Tag: Harold Brown

By Harold Brown Hurricane Sandy has been described as a harbinger of what comes with rising seas: the inundation of coastal cities, devastating storm surges, destruction of coastal wetlands and abandonment of land. The story is simple: Glaciers melt and oceans warm, causing seas to rise. The reality, however, is anything but simple. The sea has been rising since the last ice age, but at a variable and poorly known rate. Long-term measurements are necessary to establish an accurate trend, but measurements were few in the 19th and early 20th centuries, especially in the Southern Hemisphere. More than two thirds of the 322 world sea level records listed on the National Oceanic and Atmospheric Administration (NOAA) Web site are 50… View Article

Biofuels, Ethanol Give Food for Thought

By Harold Brown A lawsuit filed this week against the federal Environmental Protection Agency accuses the agency of penalizing refiners for failing to meet “unattainable and absurd” cellulosic biofuels quotas outlined in EPA’s renewable fuels standard. The EPA mandates the purchase of biofuels formulated in part from biological materials including switchgrass, wood chips and agricultural waste. But the oil and gas industry trade association, the American Petroleum Institute, argues that the quotas set an unrealistic goal because no such cellulosic biofuels are produced on a commercial scale in the nation. Refiners unable to meet the cellulosic biofuels mandate represent just the tip of the iceberg. Biofuels, mainly ethanol, are booming in the 21st century. They crept over from the 20th… View Article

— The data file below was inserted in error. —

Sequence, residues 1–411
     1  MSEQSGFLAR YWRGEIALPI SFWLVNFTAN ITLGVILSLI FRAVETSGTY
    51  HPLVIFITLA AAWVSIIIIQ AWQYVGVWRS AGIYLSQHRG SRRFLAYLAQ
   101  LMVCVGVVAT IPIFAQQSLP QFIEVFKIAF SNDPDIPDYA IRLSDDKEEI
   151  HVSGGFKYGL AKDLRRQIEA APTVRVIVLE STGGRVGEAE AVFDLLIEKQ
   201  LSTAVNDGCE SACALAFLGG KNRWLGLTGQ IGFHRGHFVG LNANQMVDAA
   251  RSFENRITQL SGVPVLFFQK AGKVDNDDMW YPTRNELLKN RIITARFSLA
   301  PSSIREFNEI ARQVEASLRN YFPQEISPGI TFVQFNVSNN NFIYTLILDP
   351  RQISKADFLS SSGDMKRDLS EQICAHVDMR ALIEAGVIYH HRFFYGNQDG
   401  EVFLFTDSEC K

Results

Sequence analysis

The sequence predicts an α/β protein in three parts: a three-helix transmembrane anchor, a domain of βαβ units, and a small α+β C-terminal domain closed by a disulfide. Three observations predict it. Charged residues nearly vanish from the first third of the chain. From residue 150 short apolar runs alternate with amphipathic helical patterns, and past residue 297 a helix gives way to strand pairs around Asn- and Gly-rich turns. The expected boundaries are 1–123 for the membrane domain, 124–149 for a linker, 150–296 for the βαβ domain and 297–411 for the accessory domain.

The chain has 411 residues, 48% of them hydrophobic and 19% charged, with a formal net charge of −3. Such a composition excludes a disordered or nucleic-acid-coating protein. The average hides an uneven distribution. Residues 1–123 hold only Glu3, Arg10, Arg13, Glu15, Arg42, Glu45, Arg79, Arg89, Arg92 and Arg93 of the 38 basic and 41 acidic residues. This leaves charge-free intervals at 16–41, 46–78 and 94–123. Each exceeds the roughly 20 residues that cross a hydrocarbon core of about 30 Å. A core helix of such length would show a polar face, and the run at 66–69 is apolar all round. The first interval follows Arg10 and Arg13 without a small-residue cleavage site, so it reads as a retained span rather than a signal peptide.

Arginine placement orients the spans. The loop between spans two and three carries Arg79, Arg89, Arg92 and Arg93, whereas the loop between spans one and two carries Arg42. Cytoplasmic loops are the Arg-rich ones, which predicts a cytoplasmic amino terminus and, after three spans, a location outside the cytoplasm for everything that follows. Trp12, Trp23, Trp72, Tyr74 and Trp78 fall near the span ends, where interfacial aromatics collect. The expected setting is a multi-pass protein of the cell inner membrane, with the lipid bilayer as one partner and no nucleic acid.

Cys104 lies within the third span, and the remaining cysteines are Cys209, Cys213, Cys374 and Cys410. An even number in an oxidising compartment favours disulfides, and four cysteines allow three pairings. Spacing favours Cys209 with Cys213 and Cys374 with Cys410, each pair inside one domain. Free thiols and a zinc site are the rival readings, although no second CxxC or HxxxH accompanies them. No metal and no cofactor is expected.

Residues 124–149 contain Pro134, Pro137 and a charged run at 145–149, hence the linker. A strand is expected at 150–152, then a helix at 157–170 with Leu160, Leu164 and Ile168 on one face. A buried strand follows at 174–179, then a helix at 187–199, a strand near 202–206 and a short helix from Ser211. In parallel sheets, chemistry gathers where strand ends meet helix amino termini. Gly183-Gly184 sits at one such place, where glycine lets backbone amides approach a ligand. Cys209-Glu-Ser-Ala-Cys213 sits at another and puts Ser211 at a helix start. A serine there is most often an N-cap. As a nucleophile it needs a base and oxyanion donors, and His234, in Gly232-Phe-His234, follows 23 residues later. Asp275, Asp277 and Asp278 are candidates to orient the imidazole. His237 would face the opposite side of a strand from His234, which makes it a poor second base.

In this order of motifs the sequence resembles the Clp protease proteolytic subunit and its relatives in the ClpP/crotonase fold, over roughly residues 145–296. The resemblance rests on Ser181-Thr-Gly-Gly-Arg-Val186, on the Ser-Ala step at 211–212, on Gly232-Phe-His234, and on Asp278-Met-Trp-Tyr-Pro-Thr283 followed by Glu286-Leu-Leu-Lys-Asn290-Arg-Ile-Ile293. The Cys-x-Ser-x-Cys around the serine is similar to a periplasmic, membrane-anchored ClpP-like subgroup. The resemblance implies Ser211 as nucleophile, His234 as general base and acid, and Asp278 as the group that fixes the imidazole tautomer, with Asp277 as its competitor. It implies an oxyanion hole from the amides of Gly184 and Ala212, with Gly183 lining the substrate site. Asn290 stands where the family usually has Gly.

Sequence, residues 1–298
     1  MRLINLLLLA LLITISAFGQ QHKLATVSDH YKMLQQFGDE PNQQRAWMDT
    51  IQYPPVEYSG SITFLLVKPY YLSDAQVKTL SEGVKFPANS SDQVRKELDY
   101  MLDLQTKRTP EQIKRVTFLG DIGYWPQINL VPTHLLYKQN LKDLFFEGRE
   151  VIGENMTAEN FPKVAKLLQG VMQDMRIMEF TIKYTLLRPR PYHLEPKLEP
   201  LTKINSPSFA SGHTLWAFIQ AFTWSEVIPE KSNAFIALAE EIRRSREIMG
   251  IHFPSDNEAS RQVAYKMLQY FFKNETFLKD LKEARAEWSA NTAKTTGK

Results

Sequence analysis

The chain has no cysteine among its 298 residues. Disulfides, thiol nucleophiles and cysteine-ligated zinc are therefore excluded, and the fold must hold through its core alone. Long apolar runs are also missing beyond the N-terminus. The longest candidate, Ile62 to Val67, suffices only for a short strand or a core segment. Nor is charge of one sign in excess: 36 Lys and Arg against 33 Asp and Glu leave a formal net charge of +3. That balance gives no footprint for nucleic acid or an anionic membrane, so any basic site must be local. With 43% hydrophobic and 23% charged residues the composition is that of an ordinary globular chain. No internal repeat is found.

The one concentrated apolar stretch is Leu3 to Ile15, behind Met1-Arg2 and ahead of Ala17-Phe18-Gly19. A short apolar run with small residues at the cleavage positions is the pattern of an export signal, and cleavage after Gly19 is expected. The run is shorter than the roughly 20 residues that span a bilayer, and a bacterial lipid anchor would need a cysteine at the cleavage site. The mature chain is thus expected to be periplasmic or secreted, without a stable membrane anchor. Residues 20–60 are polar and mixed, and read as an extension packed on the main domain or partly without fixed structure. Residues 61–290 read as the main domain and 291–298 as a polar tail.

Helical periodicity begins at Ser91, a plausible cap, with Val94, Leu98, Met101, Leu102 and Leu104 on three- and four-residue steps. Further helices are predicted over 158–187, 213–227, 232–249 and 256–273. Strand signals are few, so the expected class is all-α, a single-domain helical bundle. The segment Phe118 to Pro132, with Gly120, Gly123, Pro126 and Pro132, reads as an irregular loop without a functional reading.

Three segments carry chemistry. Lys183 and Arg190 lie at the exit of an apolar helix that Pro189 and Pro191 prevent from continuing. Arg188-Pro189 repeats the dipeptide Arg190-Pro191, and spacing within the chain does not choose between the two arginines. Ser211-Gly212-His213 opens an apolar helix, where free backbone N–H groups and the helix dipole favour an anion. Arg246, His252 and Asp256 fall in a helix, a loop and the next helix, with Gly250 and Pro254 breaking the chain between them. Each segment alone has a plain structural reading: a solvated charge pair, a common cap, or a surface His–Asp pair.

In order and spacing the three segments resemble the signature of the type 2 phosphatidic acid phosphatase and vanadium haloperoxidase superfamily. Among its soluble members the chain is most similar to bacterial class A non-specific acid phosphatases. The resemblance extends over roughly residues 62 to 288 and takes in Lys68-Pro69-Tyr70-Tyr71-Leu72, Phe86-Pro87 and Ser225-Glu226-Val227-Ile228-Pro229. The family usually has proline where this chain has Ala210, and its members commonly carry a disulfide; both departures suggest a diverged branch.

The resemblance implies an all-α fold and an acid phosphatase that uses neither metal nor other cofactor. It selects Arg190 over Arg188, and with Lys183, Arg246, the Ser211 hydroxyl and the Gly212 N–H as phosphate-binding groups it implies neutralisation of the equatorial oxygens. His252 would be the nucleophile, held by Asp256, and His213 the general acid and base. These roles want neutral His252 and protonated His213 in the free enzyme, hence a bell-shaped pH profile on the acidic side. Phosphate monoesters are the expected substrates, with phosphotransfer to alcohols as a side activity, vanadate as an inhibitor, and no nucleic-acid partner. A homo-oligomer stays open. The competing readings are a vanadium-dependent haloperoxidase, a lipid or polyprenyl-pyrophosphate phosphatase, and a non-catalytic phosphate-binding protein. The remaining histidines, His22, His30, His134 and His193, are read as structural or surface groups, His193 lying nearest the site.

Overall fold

That the progress in improving this nation’s air quality is hidden in hazy environmental reporting is no surprise: How would one notice improvements when only “problems” are emphasized? Unfortunately, headlines such as, “Kids with asthma head indoors during smog season” and “September smog violations highest in a decade” do nothing to convey the reality; they skew perception. Visibility in the Eastern United States, which has always been the worst, has improved dramatically in the last three decades. Yet as late as 2004, the New York Times called the view in the Great Smoky Mountains National Park “a pollution-rich brew of sulfates that scatter light and small particles that obscure it.” It’s no wonder 93 percent of Americans polled in 2007… View Article

The Georgia Public Policy Foundation has forged over the years many positive changes in Georgia, in its nonpartisan but very specific way.

U.S. Senator Johnny Isakson more quotes